You Can’t Argue With Add-ons
In my life as a computer user, I’ve grown accustomed to slowly getting the hang of using applications or non-essential programs that help me do things in my personal or professional life.
For example, I used to do my note-taking and article writing on OpenOffice Writer or Microsoft Word. These days, I now write on either Evernote or Google Drive due to the ability to see my work show up on my home or work computer. Much like those little applications that are developed to help us, add-ons in MMORPGs are generally seen as good things that are made to help users do certain things better. Today’s Devil’s Advocate is weird. I’m fighting an unarguable point, which is that add-ons are great. I’ll tell you now: I can’t argue against this point, but I can still share some unsettling thoughts on the matter.
What are Add-ons?
For the purposes of this discussion, addons are extra programs or modifications that you add on to your game to give you additional information or functionality without unbalancing or otherwise hacking the game.
In World of Warcraft or Everquest 2, for example, there were simple add-ons like a map marker interface or more complex ones like a damage meter. There were also visual customizations to one’s panels and windows that could also be construed as an add-on because it re-ordered information for better visibility or coolness.
The basic idea behind addons is that they’re there as a quality of life enhancement. In the early days of addon development for a game like WoW, using them was optional, and that’s where the trouble begins.
When Addons Become Must-haves
The main issue I have with addons isn’t actually with addons themselves, but with how game developers and guilds sometimes design mechanics or rules in a way that makes a certain add-on nearly mandatory to maintain sanity or order.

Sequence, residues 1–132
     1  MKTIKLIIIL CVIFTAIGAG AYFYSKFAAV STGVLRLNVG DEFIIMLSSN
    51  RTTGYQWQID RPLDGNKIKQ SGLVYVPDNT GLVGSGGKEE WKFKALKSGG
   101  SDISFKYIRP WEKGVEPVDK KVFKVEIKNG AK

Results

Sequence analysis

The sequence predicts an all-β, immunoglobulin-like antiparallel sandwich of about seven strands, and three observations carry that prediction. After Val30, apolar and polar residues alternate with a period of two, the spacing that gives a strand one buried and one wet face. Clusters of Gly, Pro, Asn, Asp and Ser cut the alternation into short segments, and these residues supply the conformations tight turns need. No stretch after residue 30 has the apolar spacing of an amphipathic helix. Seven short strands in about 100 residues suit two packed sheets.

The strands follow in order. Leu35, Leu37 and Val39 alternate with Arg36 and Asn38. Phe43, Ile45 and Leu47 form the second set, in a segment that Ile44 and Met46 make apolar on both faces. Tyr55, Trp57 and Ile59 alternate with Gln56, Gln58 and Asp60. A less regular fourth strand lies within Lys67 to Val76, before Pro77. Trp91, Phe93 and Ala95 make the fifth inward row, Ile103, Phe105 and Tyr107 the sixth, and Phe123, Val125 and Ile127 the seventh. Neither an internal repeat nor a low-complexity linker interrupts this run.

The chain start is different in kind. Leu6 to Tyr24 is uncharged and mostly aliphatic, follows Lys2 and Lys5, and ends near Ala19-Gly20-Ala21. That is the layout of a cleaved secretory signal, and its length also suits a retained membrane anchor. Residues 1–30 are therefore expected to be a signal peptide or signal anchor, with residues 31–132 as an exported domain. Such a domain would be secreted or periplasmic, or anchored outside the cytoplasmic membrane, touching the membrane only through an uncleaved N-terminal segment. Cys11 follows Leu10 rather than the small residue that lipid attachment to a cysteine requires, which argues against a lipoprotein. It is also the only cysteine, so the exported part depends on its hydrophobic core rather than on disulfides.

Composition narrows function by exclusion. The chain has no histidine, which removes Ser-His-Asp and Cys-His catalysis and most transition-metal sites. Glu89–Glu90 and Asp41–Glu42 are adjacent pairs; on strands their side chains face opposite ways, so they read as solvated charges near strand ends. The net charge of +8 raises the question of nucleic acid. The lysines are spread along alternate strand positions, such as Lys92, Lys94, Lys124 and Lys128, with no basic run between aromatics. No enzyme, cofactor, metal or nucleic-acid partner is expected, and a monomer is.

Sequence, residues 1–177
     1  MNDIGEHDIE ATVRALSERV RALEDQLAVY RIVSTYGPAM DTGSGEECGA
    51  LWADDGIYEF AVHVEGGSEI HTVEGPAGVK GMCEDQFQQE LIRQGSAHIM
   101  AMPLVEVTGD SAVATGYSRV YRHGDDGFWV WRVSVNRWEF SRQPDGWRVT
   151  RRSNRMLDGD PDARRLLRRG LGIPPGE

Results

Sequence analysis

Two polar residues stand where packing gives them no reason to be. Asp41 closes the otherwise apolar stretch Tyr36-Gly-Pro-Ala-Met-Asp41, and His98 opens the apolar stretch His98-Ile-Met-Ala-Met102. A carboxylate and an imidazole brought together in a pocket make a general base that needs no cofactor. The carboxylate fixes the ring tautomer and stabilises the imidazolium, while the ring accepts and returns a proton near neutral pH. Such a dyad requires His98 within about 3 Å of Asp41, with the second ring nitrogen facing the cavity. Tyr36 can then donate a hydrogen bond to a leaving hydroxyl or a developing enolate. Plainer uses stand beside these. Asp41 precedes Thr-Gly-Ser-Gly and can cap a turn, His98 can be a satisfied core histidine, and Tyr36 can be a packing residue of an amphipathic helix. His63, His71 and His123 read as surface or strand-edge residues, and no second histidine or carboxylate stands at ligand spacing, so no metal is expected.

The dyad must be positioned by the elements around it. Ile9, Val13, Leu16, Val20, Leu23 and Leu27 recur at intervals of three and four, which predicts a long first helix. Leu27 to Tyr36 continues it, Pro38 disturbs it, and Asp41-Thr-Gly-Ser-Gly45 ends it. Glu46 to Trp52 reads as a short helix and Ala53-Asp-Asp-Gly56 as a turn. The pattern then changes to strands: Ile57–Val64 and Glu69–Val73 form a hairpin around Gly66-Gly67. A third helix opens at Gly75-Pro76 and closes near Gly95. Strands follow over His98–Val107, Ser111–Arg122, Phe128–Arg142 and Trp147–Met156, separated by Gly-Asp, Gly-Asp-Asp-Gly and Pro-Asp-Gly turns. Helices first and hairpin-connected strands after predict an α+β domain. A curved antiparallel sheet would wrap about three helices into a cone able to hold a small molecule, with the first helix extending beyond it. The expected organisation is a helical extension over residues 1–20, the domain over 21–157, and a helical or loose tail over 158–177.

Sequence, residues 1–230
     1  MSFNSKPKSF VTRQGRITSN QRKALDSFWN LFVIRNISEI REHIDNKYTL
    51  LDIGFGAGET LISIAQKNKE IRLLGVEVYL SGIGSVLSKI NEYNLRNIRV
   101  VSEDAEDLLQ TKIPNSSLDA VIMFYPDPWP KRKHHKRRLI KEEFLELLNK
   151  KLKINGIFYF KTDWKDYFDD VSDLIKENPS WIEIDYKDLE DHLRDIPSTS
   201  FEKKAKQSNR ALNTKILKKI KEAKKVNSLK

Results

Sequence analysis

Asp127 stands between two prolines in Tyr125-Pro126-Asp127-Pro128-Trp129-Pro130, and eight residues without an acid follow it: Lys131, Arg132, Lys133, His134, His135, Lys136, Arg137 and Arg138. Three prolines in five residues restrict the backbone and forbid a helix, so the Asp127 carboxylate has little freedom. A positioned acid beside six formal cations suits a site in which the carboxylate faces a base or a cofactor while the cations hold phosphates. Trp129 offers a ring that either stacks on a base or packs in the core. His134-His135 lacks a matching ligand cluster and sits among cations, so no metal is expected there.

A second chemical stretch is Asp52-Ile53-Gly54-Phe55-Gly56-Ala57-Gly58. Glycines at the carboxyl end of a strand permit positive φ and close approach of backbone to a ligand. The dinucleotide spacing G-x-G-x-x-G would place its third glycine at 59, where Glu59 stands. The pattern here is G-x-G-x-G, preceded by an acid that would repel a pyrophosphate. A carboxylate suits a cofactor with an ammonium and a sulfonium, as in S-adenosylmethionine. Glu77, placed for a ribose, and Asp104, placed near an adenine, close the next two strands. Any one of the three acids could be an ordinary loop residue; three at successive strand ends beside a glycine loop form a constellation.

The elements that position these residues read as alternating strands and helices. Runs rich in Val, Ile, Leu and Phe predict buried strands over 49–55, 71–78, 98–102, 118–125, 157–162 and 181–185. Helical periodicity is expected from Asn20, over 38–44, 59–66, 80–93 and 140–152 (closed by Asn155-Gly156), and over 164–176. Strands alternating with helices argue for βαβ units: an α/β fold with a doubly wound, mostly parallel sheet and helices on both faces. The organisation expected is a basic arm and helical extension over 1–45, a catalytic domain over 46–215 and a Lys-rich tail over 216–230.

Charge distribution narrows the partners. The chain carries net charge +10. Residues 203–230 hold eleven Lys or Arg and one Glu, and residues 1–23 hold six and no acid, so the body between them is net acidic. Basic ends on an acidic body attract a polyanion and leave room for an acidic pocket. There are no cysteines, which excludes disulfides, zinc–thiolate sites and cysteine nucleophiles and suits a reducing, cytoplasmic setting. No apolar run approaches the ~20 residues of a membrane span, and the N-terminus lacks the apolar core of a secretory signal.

Going back to WoW as an example, there’s an addon called Deadly Boss Mods that I’ve noticed is a staple for nearly every serious raider. Sure, there’s now a Dungeon Journal in WoW, but Deadly Boss Mods was probably one of the reasons why a Dungeon Journal was added in the first place.
The same goes for other little additions to WoW, such as the quest helping system. Other games also have similar things, such as some modern MMOs having the ability to generally resize or order their user interfaces. That came about through add-ons at the start, but have now become commonplace.
Add-ons: The Unarguable
Here’s the rub with any argument that discusses quality of life enhancements to anything: there are perfectly good and valid reasons for optional add-ons, and arguments against addons are either going to be seen as silly because of seemingly outmoded thinking or because you’re extrapolating convoluted scenarios to justify not using add-ons.
As I sort of explained above, discussing addons from a historical point of view is very difficult, primarily because there are hundreds of thousands of mods, addons, compilations, and additional programs, and some of these have disappeared or become co-opted into the games they’re supposed to help. Because they’re in the games already, the existence of addons back in the day becomes justifiable as a discovery of luxuries people wanted before they wanted them.
My Unsettling Thought
My unsettling thought about addons is when I think of add-ons as tools used to help make a task or the gathering of information easier. I’m reminded of the development of the human race, wherein before the advent of writing, our memories were sharp as all heck, and we could remember whole plays told to us because there was no fallback if we forgot something.
Then we had paper and writing, and we could afford to put thoughts on paper, and while that helped the situation some, it also taxed the mind less. And then the printing press came, then computers, and then cellular phones, and then smartphones, and then tablets... and then the future.
I found through some Googling (another quality of life enhancement) this has been argued a number of times: that technology, or quality of life enhancements, might detract from human potential.
It’s unsettling. We become used to their existence, and then they become necessities, and then we have new problems, and they require new tools based on the old tools to solve them. While we rely on our abilities to solve these new problems, were we to lose these quality of life additions, we’d have a tough time compensating for a period of time.
That’s the distressing bit to me, this paradox of being human in a technological age. We live with many addons in life and in our games, and self-sufficiency becomes difficult when these addons disappear.
Unlike real life, however, whose problems have a fixed difficulty, games can also have their difficulty artificially lowered. What does that say about games and add-ons, then, if a permutation of quality of life additions and game difficulty scaling occurs?
You can follow Victor Barreiro Jr. on Twitter at @iamstillwater.